David Samuel Levinson’s debut novel, Antonia Lively Breaks the Silence, serves as a warning to aspiring novelists that will force them to question if the literary life is for them—especially after they meet Antonia Lively and Henry Swallow. The story opens with Catherine Strayed, widow of the late, novelist Wyatt Strayed. Catherine spends her days wondering whether Wyatt’s death was accidental, suicide, or even foul play. Prior to Wyatt’s passing, Catherine’s world was turned upside down when her David Samuel Levinson’s debut novel, Antonia Lively Breaks the Silence, serves as a warning to aspiring novelists that will force them to question if the literary life is for them—especially after they meet Antonia Lively and Henry Swallow. The story opens with Catherine Strayed, widow of the late, novelist Wyatt Strayed. Catherine spends her days wondering whether Wyatt’s death was accidental, suicide, or even foul play. Prior to Wyatt’s passing, Catherine’s world was turned upside down when her former mentor and lover Henry Swallow—a powerful literary critic who destroyed Wyatt’s writing career—turns up at Winslow, the small town in upstate New York, to teach at the university. One night, Henry shows up at Catherine’s house wanting to speak with Wyatt, leaving Catherine to fret over the long conversation between the two men. Soon after their discussion, Wyatt begins to work on another novel. Now more than a year later after Wyatt’s death, Catherine meets Antonia Lively, Henry’s protégé and the publishing world’s new literary “It Girl.” Antonia is looking for a summer rental and tells Catherine that Henry informed her that her house is available for the season. Upset by Henry’s assumption, Catherine confronts him at the university, and soon she is cajoled to rent him Wyatt’s writing cottage. With Henry renting the cottage and Antonia visiting, Catherine finds herself at odds about their relationship—she becomes fond of the young novelist, but distrusts Henry’s motives. The summer turns murkier and dangerous when a number of malevolent incidents occur involving Antonia, her father, and mentally deranged uncle. For readers who follow literary scandals, Levinson inserts one à la James Frey, but in this case it deals with Henry’s purist definition of fiction versus Antonia’s perception of truth, using the novel as a vehicle to expose it. With those two opposing views, the story enters into dangerous territory where reputations can be forever damaged and destroyed. Antonia Lively Breaks the Silence is spellbinding with an important takeaway: beware of friendly, young novelists.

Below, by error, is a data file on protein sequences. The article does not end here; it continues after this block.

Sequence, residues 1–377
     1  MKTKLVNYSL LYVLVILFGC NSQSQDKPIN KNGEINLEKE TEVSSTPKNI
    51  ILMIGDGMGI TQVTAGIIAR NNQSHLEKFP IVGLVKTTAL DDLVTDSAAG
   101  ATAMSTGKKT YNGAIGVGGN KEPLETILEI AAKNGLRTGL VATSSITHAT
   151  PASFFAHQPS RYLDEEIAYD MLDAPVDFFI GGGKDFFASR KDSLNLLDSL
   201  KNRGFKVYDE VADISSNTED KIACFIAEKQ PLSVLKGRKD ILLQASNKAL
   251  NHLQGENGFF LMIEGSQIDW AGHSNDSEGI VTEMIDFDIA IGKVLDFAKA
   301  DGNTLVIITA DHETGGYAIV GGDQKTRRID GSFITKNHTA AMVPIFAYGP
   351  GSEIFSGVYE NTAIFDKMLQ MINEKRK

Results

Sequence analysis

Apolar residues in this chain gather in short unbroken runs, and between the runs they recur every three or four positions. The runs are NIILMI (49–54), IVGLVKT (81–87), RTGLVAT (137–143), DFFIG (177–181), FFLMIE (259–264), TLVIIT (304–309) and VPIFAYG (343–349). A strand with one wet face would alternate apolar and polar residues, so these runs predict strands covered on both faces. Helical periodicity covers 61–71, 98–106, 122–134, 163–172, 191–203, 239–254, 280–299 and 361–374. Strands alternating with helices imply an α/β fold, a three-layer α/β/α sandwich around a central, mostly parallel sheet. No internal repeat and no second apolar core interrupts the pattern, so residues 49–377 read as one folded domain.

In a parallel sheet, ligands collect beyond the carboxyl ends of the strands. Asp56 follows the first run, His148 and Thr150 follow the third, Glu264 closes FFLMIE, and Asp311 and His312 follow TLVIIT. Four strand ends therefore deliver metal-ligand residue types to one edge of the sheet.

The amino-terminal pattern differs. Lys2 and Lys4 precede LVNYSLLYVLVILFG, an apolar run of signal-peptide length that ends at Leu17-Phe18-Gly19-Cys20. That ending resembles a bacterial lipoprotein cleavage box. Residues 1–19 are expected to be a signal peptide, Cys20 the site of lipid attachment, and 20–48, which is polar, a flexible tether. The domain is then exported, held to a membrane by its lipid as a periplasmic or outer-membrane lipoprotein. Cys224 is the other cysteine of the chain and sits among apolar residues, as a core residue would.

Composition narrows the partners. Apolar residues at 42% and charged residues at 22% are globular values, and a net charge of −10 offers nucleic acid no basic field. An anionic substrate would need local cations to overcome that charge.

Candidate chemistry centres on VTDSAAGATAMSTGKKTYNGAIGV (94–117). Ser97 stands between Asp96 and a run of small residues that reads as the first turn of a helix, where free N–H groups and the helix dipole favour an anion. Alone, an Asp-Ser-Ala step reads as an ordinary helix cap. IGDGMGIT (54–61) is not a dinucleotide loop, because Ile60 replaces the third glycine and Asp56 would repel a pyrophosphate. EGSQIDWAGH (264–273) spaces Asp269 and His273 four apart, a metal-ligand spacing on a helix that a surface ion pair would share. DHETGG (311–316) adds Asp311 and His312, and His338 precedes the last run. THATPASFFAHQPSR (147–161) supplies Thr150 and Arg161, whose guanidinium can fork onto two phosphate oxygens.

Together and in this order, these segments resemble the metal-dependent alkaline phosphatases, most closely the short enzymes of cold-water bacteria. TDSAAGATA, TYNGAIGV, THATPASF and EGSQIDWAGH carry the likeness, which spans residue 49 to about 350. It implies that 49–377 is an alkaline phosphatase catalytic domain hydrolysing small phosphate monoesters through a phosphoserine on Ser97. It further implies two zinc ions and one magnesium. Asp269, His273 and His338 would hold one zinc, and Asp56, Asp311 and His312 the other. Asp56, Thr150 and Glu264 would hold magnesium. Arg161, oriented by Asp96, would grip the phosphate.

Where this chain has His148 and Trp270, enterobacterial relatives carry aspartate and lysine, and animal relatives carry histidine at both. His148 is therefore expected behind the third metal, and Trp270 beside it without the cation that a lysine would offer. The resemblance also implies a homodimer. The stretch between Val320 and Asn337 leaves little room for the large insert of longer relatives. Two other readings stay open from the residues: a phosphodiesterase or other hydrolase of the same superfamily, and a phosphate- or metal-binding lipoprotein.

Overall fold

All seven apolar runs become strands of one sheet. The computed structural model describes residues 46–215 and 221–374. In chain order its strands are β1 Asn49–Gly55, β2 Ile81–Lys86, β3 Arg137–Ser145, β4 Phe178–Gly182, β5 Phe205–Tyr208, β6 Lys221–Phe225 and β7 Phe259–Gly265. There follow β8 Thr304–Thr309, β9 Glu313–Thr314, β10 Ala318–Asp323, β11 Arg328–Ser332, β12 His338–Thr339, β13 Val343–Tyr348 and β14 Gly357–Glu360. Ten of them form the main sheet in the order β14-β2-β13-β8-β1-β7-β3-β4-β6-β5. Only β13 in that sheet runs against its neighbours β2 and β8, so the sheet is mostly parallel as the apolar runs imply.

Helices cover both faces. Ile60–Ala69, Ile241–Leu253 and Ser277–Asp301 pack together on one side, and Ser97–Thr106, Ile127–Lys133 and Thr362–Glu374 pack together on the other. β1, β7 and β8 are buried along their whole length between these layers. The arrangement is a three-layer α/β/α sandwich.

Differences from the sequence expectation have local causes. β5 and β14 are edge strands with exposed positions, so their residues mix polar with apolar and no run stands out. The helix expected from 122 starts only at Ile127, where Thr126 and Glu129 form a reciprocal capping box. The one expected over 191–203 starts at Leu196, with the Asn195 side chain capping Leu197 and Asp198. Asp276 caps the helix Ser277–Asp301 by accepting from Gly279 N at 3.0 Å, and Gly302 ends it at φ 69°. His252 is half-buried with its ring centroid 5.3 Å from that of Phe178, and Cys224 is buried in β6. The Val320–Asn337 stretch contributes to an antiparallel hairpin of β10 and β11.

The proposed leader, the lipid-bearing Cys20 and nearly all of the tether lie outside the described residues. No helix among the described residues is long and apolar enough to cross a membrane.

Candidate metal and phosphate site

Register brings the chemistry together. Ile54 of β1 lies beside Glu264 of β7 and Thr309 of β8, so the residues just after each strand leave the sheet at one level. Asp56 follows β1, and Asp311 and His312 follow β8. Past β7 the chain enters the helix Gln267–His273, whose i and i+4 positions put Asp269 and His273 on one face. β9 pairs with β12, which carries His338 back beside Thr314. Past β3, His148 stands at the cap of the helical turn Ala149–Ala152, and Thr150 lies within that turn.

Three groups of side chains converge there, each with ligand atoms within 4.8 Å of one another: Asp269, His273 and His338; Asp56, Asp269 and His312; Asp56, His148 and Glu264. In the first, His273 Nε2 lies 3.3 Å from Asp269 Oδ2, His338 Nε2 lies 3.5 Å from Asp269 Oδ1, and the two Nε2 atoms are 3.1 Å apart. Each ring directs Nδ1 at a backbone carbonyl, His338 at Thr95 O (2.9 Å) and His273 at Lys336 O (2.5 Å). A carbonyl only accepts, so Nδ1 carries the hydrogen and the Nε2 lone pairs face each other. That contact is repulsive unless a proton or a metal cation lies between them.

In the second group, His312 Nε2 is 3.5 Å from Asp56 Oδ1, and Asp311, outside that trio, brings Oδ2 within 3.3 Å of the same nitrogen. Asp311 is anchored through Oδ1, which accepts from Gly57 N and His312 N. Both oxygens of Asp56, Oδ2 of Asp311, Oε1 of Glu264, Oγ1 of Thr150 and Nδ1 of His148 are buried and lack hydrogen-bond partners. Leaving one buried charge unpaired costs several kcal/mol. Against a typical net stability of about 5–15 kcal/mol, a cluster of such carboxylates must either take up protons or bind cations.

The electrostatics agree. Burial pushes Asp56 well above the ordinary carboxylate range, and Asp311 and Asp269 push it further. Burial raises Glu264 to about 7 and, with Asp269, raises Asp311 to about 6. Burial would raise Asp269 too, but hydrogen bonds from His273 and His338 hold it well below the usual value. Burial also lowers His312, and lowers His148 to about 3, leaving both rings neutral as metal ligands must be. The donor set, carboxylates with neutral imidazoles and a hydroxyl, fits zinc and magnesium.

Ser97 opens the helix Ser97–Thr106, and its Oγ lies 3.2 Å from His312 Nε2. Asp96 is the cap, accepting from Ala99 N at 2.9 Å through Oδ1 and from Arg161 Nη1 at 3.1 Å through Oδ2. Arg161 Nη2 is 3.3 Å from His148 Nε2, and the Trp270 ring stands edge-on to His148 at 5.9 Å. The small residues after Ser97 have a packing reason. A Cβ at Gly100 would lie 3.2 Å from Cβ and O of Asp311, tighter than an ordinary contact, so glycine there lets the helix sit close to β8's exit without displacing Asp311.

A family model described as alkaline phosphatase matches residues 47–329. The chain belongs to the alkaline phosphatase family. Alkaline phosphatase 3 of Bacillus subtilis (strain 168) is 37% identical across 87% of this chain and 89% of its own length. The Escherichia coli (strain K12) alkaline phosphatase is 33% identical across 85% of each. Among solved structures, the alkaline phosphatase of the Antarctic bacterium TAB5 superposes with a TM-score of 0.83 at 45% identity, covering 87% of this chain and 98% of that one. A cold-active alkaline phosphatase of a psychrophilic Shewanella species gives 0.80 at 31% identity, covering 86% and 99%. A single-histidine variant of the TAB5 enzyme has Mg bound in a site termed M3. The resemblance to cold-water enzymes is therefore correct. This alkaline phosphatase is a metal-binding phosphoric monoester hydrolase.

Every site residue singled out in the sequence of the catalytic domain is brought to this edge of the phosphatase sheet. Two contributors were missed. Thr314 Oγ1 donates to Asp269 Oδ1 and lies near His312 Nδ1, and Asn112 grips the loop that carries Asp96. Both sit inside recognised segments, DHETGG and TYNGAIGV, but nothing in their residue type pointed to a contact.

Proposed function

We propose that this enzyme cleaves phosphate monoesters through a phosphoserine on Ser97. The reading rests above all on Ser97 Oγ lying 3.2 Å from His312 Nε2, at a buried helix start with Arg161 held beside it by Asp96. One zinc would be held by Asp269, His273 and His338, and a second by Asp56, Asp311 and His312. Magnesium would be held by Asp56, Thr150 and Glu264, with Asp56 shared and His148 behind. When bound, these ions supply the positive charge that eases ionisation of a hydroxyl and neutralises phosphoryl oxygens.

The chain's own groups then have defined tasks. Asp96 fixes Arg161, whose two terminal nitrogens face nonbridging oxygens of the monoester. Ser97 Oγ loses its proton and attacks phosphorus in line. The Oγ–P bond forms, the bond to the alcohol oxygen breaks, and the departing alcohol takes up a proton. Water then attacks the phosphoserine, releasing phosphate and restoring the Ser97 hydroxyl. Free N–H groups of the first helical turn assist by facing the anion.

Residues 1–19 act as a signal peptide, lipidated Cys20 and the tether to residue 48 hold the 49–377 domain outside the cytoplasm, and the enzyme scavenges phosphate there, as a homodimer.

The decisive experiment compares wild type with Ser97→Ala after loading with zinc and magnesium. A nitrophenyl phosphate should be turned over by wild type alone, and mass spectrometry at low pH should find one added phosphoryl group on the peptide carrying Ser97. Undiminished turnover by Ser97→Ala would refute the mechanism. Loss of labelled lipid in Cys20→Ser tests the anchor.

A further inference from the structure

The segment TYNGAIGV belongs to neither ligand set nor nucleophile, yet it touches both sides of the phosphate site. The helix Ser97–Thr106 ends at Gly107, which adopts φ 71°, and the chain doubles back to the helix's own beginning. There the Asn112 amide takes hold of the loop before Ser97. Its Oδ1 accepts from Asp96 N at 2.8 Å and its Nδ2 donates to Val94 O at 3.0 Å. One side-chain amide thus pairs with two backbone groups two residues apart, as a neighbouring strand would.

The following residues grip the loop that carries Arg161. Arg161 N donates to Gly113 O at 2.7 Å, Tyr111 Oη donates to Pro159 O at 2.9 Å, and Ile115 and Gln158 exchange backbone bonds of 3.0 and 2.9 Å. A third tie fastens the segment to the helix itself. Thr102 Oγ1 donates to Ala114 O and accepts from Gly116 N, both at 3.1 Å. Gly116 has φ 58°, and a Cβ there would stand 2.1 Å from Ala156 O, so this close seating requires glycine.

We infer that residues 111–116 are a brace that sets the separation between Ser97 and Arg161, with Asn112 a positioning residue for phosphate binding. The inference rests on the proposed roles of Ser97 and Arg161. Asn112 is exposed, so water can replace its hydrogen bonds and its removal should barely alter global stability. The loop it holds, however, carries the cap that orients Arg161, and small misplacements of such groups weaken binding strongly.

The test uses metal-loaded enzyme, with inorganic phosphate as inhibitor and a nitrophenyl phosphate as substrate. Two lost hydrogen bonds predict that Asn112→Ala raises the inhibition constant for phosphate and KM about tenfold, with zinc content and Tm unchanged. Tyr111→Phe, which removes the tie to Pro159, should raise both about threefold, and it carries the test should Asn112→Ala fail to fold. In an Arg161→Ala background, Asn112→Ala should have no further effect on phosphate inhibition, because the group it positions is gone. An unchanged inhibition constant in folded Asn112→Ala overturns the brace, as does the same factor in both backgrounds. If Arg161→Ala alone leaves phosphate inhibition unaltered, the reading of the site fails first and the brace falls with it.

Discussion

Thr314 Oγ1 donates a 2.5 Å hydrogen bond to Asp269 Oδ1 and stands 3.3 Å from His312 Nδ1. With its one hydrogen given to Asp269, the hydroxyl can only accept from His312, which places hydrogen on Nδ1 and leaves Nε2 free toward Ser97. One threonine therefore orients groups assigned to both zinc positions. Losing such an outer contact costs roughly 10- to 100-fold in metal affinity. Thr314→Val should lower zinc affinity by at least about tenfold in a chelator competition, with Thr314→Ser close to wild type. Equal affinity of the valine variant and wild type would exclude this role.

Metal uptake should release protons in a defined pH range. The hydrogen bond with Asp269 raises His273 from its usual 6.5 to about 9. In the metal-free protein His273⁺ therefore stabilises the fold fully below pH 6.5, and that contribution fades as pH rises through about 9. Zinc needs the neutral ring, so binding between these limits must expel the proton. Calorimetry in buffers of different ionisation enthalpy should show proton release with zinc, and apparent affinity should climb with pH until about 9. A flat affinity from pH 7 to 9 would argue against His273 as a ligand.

29. 5 out of 5

    Sandie